“No,” Tautges replied. “The contract does. It essentially says times for construction that are approved are basically business hours on Monday through Friday. Quite often, on a project of this size, there are reasons we don’t want to do certain things when school’s in session, or something like that.”

For certain segments of the project, the trench did have to go through solid rock, and in those cases, blasting was required.

“The short answer is, ‘No,’” Tautges concluded, “there’s nothing in there that stipulates overtime. There is some need for weekend work, or once you start to pour concrete, and you want to be done at three or four, but you’re not done until seven, those kinds of things happen.”


Town Clerk April Hessman provided SUN staff with a detailed ledger of every financial transaction by the town in relation to the sewer pipeline construction project, dating back to Dec. 31, 2011.

This document shows that in 2012 the town spent a total of $82,750.86, in 2013 it spent $218,505.67 and in 2014 it had spent $1,639,972.23 as of Nov. 7, for a total of $1,941,228.76.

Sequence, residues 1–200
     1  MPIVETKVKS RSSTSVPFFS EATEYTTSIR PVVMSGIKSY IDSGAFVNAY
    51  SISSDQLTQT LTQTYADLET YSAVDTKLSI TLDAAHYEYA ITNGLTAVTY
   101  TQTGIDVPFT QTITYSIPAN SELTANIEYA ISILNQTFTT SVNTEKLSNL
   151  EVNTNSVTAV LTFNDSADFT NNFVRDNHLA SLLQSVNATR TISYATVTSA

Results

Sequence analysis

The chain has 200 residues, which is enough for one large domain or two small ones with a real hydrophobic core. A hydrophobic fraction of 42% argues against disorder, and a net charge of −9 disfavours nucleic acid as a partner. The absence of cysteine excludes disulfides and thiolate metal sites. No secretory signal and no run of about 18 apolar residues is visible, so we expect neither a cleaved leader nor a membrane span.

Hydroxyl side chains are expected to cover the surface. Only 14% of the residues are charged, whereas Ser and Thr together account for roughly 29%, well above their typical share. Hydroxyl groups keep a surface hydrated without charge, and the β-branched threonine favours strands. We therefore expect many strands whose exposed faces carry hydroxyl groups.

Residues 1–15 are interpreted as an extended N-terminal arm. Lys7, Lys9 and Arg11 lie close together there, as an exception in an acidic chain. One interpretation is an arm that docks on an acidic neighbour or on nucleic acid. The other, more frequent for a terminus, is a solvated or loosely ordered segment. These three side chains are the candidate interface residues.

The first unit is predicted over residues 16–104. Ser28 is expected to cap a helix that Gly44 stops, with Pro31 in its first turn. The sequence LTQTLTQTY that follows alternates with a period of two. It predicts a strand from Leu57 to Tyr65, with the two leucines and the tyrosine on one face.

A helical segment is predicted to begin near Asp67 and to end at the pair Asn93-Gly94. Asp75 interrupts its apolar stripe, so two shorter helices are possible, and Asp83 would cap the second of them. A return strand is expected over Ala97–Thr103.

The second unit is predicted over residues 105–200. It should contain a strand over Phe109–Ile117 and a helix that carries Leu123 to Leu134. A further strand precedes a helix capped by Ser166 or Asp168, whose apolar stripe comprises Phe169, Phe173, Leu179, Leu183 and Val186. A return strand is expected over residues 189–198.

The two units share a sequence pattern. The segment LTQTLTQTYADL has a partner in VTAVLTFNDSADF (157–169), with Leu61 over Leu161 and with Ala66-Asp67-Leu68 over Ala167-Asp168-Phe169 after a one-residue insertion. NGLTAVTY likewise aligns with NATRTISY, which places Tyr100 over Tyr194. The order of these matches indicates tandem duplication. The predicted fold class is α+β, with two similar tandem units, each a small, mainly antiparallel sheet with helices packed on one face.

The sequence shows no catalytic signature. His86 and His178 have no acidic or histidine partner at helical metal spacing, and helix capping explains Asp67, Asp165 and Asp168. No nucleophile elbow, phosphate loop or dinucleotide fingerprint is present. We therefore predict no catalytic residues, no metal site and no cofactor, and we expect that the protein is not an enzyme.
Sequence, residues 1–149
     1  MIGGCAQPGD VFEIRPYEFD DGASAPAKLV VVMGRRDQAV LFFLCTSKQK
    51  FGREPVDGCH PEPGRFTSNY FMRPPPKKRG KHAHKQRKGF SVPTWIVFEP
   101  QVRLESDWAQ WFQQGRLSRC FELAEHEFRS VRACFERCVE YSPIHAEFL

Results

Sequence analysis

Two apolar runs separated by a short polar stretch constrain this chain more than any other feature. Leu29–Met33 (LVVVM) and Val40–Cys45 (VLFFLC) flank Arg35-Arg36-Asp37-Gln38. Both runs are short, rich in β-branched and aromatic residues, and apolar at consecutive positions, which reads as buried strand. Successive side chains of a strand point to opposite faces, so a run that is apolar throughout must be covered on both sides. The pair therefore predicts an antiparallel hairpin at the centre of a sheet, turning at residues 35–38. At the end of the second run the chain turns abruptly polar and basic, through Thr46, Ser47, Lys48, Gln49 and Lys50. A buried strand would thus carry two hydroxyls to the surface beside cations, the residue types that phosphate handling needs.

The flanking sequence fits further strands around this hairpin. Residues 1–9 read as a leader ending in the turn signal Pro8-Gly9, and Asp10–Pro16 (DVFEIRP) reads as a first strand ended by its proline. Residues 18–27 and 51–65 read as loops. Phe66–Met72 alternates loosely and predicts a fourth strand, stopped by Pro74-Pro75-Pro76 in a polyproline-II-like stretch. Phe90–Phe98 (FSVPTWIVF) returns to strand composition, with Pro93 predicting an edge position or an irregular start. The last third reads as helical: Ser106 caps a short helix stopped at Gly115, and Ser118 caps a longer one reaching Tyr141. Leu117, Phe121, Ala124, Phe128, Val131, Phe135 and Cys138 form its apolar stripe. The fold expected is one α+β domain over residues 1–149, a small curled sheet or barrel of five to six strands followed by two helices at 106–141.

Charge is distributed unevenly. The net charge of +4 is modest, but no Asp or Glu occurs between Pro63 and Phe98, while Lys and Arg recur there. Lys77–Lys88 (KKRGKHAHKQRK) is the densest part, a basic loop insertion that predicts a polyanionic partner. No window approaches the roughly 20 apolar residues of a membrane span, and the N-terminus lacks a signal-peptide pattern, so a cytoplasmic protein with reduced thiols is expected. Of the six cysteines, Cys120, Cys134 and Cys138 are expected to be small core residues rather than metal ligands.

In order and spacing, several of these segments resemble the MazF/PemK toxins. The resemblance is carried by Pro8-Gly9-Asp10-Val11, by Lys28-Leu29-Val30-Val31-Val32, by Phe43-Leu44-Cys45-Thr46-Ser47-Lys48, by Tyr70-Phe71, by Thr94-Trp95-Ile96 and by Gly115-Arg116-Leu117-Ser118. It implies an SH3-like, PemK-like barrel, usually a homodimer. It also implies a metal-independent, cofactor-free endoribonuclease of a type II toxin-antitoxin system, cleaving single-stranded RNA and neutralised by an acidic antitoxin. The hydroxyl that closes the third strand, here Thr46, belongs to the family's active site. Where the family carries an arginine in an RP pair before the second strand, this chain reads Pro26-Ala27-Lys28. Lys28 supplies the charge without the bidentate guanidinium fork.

A closer examination of each line for 2014 revealed that the Colorado Timber Ridge Home Owners Association was paid $467.50, Colorado Cattleman’s Land Trust was paid $1,500, Fred and Elizabeth Martinez were paid $4,500 and Juanita Quintana was paid $21,000.

Hessman also sent the contracts for each easement the town had to negotiate for the pipeline. Besides those mentioned above, the town also received donated easements from Alpine Cascade, Archuleta School District and the Town of Pagosa Springs.

One of the change orders for which the town had to pay Hammerlund involved moving the original course of the pipeline so that it crossed the Quintana property instead of Steve Graham’s property because Mayo and Mitchem were unable to successfully negotiate an easement with Graham, despite a threat to take the Grahams to court and use eminent domain to force the issue.

Besides paying some of the landowners for the easements themselves, Hessman’s ledger also details several transactions with the Colorado Land Title Company and Collins, Cockrel & Cole.

Bob Cole is the town’s attorney, and a separate document revealed the town paid Cole’s firm $3,359 in 2011, $17,820 in 2013 and $59,555 in 2014, for a total of $80,734 in legal fees related to the pipeline project.

When asked to break down the legal fees further and explain exactly what the town was billed for, Schulte explained that such information is protected by attorney-client privilege.